Tuesday, April 2, 2013

Stock vs Bonds (and trading other correlated assets)

I get asked a lot of questions about how i measure 10yr yields vs ES to get a RV valuation.  I think i've posted the details on this blog in the past....so here i'm just talking about the basic premise...when you want to trade any pair based on a historical relationship.

When you think 2 securities are correlated..the first thing you normally do is ask...how can i tell if this is true?   The first route is to take prices, and graph them over some time interval (5 min, hourly, daily, etc...).  In this case, i took closing ES prices and 10yr yields.  I noticed that if i look from June 2012 to the present..there seems to be a tracking relationship...but with some deviation.  This is exactly what we want to see in a correlated pair...basic tracking...but with enough slippage that the pair mean reverts over time to some "fair value" (both towards and away from...ie...it gets both rich at times..and cheap at other times).  I know from experience that the treasury mkt tends to selloff or weaken between the start of the month and  long end supply (10yr and 30yr auction supply concession).  I also know that treasuries tend to richen towards the end of the month (the month-end extension trade).  When i looked at this pair graph, and overlapped these time frames..lo and behold...this tends to be true...not always to the exact date...but generally speaking.  So taking a few basic measurements and some time in excel...aong with a few assumptions that i had to verify from the data, i calculated that 4 ES contracts vs 1mm 10yr notes (or 11 ZN contracts) gave me the correct PnL graph to match the graph of the securities levels (after adjusting by a factor to put them in consistent terms).  You can do this yourself if you spend some time in excel with the historical data.  Then to answer the question "are treasuries rich or cheap vs stocks?" you can look at the graph and put the pair in historical context.  I take this a step further and add a "fudge factor" to center the bulk of the historical distribution at zero...the highest and lowest points on the graph are not exactly equal distant from zero...but pretty close.   Then i measure the distance from the point i've created as my "fair value zero" to the current mkt level...and violla....rich/cheap.  While you could just as easily be measuring the rich cheap of ES...the UST component tends to be the more volatile component...and thus the one i've chosen to base my measurements.  I could just as easily be saying that ES is 65 pts too rich vs where treasuries are trading right now...but since i more often just trade the bond leg on its own...i prefer to quote in terms of UST..so basis points (ie..if the 10yr were to selloff 13 bps right now..and ES didn't move...then i would say both are priced at fair value...alternatively..ES could selloff 65 pts and 10yr yields not move...and i would also say both are priced at fair value...given the last 9 months of this relatonship).  This is not rocket science...just lots of basic graph interpretation and some basic math...combined with my intuition of what i expect...backed up with 9 months of mkt history.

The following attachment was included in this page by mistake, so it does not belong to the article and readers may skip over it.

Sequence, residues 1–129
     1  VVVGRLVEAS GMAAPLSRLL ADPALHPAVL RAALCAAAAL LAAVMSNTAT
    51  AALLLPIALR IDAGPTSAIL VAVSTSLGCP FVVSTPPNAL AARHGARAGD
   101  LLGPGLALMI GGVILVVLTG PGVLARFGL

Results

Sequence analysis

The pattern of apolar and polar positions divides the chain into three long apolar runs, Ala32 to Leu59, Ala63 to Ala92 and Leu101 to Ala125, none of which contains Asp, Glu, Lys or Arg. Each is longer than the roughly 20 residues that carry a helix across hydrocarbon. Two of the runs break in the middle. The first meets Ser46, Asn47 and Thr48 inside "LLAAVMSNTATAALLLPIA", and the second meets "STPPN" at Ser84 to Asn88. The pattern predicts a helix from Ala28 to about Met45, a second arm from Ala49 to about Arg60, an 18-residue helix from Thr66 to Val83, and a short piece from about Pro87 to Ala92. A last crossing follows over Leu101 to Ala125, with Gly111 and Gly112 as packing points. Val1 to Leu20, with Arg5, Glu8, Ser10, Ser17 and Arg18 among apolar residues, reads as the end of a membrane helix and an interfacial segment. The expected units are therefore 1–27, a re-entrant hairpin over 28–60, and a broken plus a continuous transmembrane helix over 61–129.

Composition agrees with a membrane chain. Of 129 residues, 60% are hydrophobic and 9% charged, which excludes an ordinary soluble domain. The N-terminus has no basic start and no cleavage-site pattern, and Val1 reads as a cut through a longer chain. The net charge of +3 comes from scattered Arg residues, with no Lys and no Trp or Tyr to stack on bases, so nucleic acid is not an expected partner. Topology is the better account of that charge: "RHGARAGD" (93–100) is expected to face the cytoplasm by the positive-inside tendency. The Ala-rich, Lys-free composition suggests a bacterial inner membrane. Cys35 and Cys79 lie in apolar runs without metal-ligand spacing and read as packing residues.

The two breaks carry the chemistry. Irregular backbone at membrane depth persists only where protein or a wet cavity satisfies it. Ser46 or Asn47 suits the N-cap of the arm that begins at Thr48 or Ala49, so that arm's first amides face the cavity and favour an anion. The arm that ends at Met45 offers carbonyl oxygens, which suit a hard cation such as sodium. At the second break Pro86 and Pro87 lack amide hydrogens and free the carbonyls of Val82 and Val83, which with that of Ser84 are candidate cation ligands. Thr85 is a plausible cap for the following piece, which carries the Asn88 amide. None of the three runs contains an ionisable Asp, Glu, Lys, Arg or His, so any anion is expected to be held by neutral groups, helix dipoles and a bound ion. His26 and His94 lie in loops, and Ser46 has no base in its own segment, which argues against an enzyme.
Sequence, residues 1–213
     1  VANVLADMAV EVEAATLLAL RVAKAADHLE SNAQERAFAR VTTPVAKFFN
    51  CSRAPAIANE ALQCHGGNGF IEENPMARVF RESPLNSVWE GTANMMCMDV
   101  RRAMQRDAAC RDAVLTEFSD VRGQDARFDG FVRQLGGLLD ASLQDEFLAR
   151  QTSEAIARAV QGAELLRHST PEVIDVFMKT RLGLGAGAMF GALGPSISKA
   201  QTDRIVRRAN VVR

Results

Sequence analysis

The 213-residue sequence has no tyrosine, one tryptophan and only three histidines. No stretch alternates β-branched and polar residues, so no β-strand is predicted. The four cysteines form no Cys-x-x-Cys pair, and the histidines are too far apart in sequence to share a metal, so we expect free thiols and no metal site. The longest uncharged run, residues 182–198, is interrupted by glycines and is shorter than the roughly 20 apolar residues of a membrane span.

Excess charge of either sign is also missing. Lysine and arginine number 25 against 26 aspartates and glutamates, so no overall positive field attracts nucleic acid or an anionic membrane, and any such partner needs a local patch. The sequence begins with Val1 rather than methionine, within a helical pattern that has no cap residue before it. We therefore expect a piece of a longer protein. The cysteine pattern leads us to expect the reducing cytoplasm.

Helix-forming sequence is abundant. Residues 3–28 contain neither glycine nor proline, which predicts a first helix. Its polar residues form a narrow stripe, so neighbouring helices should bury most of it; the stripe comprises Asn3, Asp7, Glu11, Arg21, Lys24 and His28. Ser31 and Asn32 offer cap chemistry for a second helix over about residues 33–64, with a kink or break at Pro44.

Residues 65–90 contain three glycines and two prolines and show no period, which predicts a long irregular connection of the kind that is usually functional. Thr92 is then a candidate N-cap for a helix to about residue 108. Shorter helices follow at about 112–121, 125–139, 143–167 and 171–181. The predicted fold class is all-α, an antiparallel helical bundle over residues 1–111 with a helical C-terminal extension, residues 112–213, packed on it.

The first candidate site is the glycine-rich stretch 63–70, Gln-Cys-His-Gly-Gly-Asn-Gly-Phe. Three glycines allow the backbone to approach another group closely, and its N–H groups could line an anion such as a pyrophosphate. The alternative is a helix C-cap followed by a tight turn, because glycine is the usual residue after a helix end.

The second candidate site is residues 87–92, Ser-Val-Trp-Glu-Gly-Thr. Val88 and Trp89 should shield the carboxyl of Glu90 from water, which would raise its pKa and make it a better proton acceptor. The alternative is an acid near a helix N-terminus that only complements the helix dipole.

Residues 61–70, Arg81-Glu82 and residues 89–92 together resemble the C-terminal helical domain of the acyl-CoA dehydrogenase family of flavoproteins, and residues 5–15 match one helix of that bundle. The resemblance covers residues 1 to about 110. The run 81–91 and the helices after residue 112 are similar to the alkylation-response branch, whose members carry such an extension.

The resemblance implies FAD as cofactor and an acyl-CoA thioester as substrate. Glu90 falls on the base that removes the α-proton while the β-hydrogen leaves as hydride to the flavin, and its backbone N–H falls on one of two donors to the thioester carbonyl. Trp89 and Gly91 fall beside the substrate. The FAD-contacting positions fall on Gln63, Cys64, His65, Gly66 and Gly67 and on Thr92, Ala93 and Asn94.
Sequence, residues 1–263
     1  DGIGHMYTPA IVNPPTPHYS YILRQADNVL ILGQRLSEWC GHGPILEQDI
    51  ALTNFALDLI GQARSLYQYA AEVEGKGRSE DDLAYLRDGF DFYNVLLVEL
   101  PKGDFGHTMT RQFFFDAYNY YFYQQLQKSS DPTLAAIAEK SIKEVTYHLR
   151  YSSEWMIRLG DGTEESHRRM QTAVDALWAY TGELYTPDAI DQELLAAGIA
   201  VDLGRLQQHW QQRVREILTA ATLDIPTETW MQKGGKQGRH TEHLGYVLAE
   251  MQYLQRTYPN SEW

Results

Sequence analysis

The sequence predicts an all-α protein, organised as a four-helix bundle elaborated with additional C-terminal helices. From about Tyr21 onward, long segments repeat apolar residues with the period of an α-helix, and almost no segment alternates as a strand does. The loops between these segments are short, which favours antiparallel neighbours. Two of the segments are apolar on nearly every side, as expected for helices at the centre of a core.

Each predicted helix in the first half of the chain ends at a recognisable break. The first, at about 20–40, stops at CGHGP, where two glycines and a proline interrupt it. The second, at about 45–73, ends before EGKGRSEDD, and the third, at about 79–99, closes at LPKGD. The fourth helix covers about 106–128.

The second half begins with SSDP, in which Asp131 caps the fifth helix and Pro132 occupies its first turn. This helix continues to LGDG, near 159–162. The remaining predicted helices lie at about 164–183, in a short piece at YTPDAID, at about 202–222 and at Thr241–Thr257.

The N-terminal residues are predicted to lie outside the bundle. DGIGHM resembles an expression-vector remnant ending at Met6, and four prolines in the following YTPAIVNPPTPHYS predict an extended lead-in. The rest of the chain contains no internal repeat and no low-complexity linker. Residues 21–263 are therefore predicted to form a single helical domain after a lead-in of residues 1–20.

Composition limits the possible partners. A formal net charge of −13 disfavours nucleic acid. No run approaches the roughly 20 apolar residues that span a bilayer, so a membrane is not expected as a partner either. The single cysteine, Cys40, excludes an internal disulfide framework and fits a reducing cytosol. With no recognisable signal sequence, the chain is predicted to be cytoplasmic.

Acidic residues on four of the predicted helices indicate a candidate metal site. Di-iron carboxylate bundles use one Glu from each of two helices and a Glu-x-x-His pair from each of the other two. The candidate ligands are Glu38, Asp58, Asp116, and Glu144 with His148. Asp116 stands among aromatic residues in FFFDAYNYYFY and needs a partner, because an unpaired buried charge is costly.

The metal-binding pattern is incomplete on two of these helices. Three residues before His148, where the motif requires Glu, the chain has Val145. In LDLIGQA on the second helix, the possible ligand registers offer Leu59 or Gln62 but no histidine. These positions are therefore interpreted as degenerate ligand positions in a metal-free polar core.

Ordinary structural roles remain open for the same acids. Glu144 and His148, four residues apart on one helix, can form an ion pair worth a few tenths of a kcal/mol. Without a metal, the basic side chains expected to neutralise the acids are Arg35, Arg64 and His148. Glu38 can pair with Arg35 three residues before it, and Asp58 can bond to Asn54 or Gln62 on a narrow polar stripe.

If you do this exercise yourself (be prepared to spend some time fiddling in excel and playing with fudge factors to define the relationship)...you should find that the spread between ES and 10yr yields looks almost like a sin wave (from geometry...sin / cosine / tangent...remember those days??).  That is a perfect example of a mean reverting relationship if you ask me.  And since this is trading..you really never get perfect.  If you look back pre-June 2012...this relationship breaks down.  I haven't spent the time to figure out what the relationship was back then...but i can say with certainty that the regime shifted in the 1st half of 2012...and the resulting regime gives us this nice relationship to trade.  I'll take it for as long as it lasts...and then when it breaks down (which it eventually must)..then i'll move on to something else.  Thus is the nature of trading....

I stopped graphing the relationship back in January...since i built a realtime trading system and i'm involved in trading this everyday, i don't need the graphs anymore..so i stopped updating it...but if you do the work you should be able to reproduce what i have and then fill in the blanks for the more recent time period.

govttrader out...

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